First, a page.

It’s finally starting to feel real, folks. Mr. Groovy and I are quitting our jobs in early October. Since we set the date a few months ago we’ve been in a holding pattern. But now that freedom is eight months away, it’s time to prepare for a smooth transition.
Here’s an outline of the steps we need to take to go from T minus eight months to liftoff:
T minus seven months: Look for land.
We plan to relocate a few hours north to the Raleigh, NC area. This is where Mr. Groovy’s family lives. We want to purchase two acres of unrestricted land and build a small home. We’re looking at Wendell, Zebulon or Rollesville, which have the country charm we’re so fond of. In addition to searching MLS listings, we plan to find a realtor and post a “Land Wanted” notice on Craigslist.
T minus six months: Clean out Garage.
We’ve already gone pretty minimalist in our home but our garage needs work. We’ve got boxes filled with stuff lining our shelves and clogging up our rafters. Mr. Groovy is pretty organized with his tools, but I’m sure he has some he can get rid of. We’ve agreed to spend at least an hour each week paring down, tossing out, and getting boxes ready for Goodwill. Getting the garage in shape will make the move less stressful. It will also help our house show better when we sell.
T minus five months: Research Traditional IRA accounts.
We can keep our work-based retirement accounts with our employers, but we prefer to roll them over into traditional IRA accounts. Our own IRAs will provide more flexibility and more investment options. Currently, we each have Roth IRAs with Fidelity and additional investments with Vanguard. We may want to move our 401(k) and 403(b) assets into one of those firms, or try something new like TD-Ameritrade or Betterment. We have some research to do on this front.
T minus four months: Talk to an insurance broker.
Mr. Groovy feels certain we can figure out Obamacare. I always feel it doesn’t hurt to check in with a professional. Insurance brokers are state licensed and should have a good working knowledge of the plans available in North Carolina. There’s no charge for a consultation, so why not schedule a call?
T minus Three months: Consult with a fee based financial advisor.
Again, Mr. Groovy thinks we’ve got our portfolio and investment strategy under control. But I’d like to talk with a fee based financial advisor to make sure our ducks are all in a row. I want to find someone smart like Michael Kitces, but who doesn’t require assets under management (AUM) to give advice.
If you know of anyone that fits the bill, please comment or send me an email. ([email protected])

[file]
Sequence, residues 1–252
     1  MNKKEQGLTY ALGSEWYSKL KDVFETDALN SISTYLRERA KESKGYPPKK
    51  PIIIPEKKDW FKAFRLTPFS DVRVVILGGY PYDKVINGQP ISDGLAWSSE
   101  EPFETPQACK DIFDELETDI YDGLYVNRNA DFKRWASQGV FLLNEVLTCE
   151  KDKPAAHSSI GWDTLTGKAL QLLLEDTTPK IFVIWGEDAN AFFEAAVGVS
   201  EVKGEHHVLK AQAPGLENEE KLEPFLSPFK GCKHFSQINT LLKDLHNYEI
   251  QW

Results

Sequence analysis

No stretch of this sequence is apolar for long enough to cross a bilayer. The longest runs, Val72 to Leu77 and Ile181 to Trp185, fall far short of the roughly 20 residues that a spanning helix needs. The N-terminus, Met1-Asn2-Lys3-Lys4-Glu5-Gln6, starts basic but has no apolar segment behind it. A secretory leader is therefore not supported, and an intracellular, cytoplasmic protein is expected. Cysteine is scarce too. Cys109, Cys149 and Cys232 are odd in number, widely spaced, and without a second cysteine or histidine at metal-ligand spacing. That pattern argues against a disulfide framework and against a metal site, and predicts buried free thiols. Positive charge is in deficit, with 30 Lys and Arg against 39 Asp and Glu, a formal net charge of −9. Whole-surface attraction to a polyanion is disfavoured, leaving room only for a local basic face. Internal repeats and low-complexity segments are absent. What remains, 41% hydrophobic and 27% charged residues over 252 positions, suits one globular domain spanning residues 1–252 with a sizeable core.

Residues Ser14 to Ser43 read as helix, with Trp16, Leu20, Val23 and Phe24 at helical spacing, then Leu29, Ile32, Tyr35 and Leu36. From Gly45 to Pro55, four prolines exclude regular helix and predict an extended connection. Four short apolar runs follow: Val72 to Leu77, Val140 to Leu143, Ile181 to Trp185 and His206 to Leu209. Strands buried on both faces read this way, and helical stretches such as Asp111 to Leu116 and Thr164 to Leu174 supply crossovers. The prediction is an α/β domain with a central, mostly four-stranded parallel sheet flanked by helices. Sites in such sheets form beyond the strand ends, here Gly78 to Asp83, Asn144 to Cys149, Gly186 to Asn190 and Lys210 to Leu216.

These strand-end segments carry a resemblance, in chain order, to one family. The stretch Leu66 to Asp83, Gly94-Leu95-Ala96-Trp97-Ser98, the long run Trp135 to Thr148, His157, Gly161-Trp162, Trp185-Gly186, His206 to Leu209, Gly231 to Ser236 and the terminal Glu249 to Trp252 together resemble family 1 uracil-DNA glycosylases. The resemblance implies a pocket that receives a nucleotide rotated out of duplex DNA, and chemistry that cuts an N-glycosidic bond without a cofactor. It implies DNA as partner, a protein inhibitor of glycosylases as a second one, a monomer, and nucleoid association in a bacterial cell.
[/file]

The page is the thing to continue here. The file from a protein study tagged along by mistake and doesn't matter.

T minus Two months: Plan our retirement road trip.
What says “freedom” better than a road trip? In early November we’re hitting the road for two weeks. Our first stop is Mobile AL, then it’s on to Biloxi, MS. From there we’re getting on the Gumbo Trail in Louisiana. Then it’s on to Little Rock, AK, Hot Springs, and then back to home via Memphis and Nashville.
We thought seriously about doing the Above the Clouds Retreat in November. It would be fun to meet some of our favorite FI heroes in person and learn from them. But one of the goals on our retirement bucket list is to spend a month in Ecuador. Frankly, we can spend an entire month in Ecuador on our own for what it would cost to spend a week with Mr. Money Mustache. (Sorry Paula Pant. Maybe we’ll see you in Nevada when our lithium mine takes off.)
If any of you FI-ers out there want to get together with Mr. Groovy and me along the route, give us a shout. Coffee, beer, beignets anyone? We’re up for anything.
T minus one month: Decide on when to give notice to our employers.
Mr. Groovy feels he should give more than two weeks notice. That’s fine. His work team and his supervisors are a hell of a lot more normal than mine. The culture in my organization is, “If you don’t want us, we don’t want you!” If I give too much notice, they may tell me I’m done. And actually, I probably should add something to my six month to do, which is to confirm I get paid for my vacation days. I currently have five weeks of vacation stored up. We’re allowed to carry eight weeks at any given time. I’d love to stockpile my vacation days and cash them all out when I leave. But if they’re not paid in full, I’ll use them up!
I’m positive I’ve forgotten something important. I can feel it. But this is a start. Each month from now on I’ll be keeping tabs on the countdown. Do you think I’ve left anything out? What would be on your Countdown to Freedom list? Do you have any recommendations for the IRA rollovers?